Analysing the challenges facing 21st Century (non-)democracies
Is immigration a threat to democracy? Is Europe witnessing a surge in populist sentiment? How can governments reform their welfare states to deal with the growing costs of an ageing population? Contemporary governments face these and other political challenges in an increasingly globalised world. In the Master's specialisation in Comparative Politics, you’ll examine the configuration of political power within countries as well as analyse how and why political responses to contemporary challenges vary across countries.
The specialisation provides students with strong theoretical foundations and substantive empirical knowledge in subjects such as representative and deliberative democracy, political parties, democratic reform, the welfare state, gender and immigration policy. Our emphasis on both theory and empirical knowledge provides the tools to critically analyse contemporary problems facing democracies, both within and outside of Europe. It will also train you to assess the effects of proposed policy solutions. You will be prepared for a career in leading positions in both the public and private sector.
See the website http://www.ru.nl/masters/cp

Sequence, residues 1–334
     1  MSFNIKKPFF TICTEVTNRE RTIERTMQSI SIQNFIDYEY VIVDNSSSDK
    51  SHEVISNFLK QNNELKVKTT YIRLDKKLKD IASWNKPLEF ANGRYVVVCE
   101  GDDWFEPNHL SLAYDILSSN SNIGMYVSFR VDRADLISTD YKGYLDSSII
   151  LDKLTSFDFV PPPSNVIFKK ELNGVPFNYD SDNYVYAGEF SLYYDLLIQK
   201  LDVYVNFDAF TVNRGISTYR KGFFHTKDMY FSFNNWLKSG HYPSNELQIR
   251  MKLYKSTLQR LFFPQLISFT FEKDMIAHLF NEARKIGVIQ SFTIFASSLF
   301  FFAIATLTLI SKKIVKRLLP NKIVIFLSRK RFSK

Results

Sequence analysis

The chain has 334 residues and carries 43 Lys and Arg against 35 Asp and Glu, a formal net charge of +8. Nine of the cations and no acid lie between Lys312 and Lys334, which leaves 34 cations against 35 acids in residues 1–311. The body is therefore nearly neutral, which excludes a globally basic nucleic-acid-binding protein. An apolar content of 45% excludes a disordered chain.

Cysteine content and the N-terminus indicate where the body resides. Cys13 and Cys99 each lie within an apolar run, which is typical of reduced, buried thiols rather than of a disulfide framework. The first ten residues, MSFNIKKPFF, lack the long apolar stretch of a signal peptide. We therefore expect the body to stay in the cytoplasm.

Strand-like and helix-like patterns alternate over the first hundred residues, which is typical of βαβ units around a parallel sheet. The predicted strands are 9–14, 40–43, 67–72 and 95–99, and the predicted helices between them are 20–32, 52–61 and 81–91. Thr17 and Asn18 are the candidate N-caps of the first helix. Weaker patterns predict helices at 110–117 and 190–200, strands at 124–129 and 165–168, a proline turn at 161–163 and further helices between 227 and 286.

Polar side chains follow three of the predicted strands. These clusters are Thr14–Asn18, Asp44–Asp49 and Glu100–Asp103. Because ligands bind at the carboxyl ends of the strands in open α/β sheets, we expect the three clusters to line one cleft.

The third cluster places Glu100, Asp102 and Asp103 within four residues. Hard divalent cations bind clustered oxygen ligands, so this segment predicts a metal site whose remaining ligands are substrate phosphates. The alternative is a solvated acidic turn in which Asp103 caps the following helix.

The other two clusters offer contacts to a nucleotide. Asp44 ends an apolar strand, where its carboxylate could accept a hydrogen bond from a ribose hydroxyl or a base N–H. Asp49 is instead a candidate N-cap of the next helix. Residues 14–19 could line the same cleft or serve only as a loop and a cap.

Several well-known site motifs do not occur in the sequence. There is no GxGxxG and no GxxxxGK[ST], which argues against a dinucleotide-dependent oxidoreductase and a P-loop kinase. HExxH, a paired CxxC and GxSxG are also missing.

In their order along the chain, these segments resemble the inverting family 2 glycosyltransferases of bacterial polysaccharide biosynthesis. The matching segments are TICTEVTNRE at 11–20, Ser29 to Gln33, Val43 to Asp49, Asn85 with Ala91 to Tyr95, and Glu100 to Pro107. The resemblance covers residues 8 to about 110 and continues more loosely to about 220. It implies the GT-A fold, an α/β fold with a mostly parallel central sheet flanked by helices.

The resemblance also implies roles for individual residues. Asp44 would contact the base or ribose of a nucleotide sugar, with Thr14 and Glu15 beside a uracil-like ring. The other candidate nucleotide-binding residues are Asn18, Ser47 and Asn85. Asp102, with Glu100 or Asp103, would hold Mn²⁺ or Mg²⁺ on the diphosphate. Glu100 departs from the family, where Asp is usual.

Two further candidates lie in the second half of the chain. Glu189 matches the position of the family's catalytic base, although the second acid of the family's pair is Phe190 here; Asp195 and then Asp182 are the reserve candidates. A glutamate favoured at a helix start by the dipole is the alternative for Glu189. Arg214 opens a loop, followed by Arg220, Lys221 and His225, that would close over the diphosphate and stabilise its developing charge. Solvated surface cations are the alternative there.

- Our international CP staff has a wide range of expertise, including, political parties, electoral politics, gender, inequality, welfare states, immigration and populism. Staff members integrate their latest research and those of their colleagues into their seminars.
- Our programme is consistently ranked number one by the most influential Dutch higher education rating organisations. The key to this success is our emphasis on small and interactive classes and the quality of our instructors.
- Radboud University
boasts a strong international community.
- Staff members are actively involved in advising governments, societal and political organisations, incorporating practical experience and insights into their teaching.
The Comparative Politics Master’s will provide new insights into configurations of political power around the world. Politics is much more than elections; it’s also about grass roots mobilisation, mediatisation, and conflicts over values.
Admission requirements for international students
1. A completed Bachelor's degree in Political Science or a related discipline from a recognised, academic university.
A substantial part of the courses in your Bachelor’s degree should be in your preferred specialisation: International Relations, Political Theory, Comparative Politics or Public Administration (COMPASS).
2. Competency in Social Science Research Methodology (quantitative and qualitative)
Due to the strong academic nature of this programme, it is essential that students have the necessary basic research skills. Applicants with little or no Social Science Research Methodology in their previous education may get admission, provided they first complete an (oral) examination in research methodology. The oral exam can be held in person in Nijmegen or via Skype.
3. A proficiency in English
In order to take part in this programme, you need to have fluency in both written and spoken English. Non-native speakers* of English without a Dutch Bachelor's degree or VWO diploma need one of the following:
- a. TOEFL (iBT) Certificate: minimum overall score of 90, with subscores not lower than 18, or